Hawnes manor itself was acquired in 1667 by the vice-admiral from Jersey when he purchased it that year as a home for his eldest son. With the untimely death of Philip, Sir George and his wife then moved to Hawnes to care for their orphaned grandchildren (their daughter-in-law having died earlier). The present mansion house of Hawnes or Haynes Park was then built c.1725 by his great grandson John Carteret, 2nd Earl Granville, and it passed down through the family for several more generations. In the Victorian era, at the time of the tithe survey, the pin on the map identifies the landowner and occupier as the Right Honourable Lord Carteret. The date of the survey was 9 May 1840 so it is possible to deduce that this record would be for John Thynne, 3rd Baron Carteret PC (1772–1849). He would also die at this house in March 1849, aged 76, and on his death the first barony became extinct. The estate, however, passed to his nephew the Rev Lord John Thynne, third son of Thomas Thynne, 2nd Marquess of Bath and sub-Dean of Westminster.
Bath and sub-Dean of Westminster. The path that the inheritance of this property took from its first Carteret owner to Lord John Thynne was not a direct one down the male line, though it had remained in the family all this time. This I confirmed when I was consulting the 1885 Kelly’s Directory of Bedfordshire looking for information about the area. In order to understand more about a village or town it is often beneficial to read the brief description of the place before the listing of residents or tradespeople in these books. The 1885 Kelly’s directory lists the landowner as Francis John Thynne Esq DL JP, who was living at Hawnes Park, and the precis helpfully points out that the estate had descended in the female line to the present owner. Scanning the 1898 edition of Kelly’s revealed that Haynes Park was then the seat of William Bunce Greenfield Esq. While the family no longer lived at the mansion, Francis Thynne remained a principal land owner. I wanted to find out how the Carterets and the Thynnes were related and then how the land had passed down through the branches of the family.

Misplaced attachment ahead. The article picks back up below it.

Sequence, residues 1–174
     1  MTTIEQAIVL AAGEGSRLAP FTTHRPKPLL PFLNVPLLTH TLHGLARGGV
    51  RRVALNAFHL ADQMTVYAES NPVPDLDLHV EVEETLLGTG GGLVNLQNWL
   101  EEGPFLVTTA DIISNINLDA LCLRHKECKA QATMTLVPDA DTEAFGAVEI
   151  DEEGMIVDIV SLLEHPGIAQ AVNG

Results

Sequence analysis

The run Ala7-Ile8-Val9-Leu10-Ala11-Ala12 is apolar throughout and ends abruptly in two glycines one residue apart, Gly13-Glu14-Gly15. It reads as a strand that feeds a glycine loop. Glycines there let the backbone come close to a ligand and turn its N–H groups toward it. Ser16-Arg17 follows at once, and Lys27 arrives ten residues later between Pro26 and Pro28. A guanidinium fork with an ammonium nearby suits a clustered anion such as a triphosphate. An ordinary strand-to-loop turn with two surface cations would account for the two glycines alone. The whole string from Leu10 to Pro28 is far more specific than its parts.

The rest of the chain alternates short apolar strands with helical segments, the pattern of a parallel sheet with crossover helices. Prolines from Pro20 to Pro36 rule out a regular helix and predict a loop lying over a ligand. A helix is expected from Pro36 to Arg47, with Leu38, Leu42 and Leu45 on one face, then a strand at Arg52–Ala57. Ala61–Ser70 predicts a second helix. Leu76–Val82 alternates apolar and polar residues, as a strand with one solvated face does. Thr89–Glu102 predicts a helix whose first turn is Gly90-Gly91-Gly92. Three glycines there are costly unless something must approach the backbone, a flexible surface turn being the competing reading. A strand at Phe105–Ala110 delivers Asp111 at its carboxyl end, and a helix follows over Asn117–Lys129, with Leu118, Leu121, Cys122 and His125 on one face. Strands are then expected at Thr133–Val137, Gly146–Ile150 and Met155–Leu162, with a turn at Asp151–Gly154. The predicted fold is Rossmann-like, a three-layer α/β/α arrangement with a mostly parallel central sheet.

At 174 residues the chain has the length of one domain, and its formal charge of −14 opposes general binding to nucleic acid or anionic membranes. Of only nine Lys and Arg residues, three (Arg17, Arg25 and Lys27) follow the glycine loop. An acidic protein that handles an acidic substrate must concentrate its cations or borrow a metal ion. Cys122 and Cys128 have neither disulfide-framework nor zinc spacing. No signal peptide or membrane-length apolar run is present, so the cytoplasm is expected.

Turning first to the Peerage, Gentry and Royalty records on TheGenealogist, I consulted the Genealogical and Heraldic History of the Extinct and Dormant Baronetcies of England, Ireland and Scotland, Second Edition (1841). This revealed that George, the grandson of Vice-Admiral Sir George Cartaret, had been married at the age of eight years old. His bride was Lady Grace Granville, youngest daughter of John, Earl of Bath. Later in life she would become the co-heiress of her nephew William, who would be last Earl of Bath to come from the Granville family. Lady Grace lost her husband, George 1st Baron Carteret, when he was just 26 in 1695. She was created, in her own right, Viscountess Carteret and Countess Granville in 1714 and now outranked her son in precedence of the peerage.
Before his early death, the first Baron Carteret and Lady Grace had produced three children together including John, the 2nd Baron Carteret. John inherited Hawnes Park from his father and was at one time a diplomat serving as the British Ambassador to Sweden and then as the Lord President of the Council, one of the great offices of the British State. Lord Carteret would eventually also inherit from his mother her Earldom when, on 18 October 1744, he become the 2nd Earl Granville on the Countess’s death.